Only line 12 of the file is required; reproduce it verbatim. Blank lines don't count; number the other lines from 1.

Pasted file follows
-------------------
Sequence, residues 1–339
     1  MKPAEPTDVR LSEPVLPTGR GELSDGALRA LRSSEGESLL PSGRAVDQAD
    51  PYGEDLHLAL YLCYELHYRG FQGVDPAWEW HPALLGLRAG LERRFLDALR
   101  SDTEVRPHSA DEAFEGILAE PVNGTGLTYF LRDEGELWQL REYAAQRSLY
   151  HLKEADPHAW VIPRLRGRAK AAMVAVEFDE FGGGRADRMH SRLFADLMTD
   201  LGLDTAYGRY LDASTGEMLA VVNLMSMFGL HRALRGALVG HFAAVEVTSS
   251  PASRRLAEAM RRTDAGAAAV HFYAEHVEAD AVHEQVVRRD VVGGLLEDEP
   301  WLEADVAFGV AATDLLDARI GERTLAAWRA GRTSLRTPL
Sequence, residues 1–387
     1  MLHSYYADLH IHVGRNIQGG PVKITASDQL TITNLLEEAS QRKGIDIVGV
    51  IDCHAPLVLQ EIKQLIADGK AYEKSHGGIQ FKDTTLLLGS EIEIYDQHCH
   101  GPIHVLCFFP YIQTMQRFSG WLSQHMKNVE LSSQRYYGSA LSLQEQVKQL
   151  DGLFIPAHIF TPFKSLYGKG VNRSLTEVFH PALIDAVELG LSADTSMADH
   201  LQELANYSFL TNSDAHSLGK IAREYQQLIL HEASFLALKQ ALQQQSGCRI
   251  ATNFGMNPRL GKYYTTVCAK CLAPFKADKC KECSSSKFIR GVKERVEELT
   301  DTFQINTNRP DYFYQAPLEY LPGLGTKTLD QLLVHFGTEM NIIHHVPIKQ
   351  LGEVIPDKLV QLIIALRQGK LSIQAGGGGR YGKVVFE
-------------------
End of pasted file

   101  GPIHVLCFFP YIQTMQRFSG WLSQHMKNVE LSSQRYYGSA LSLQEQVKQL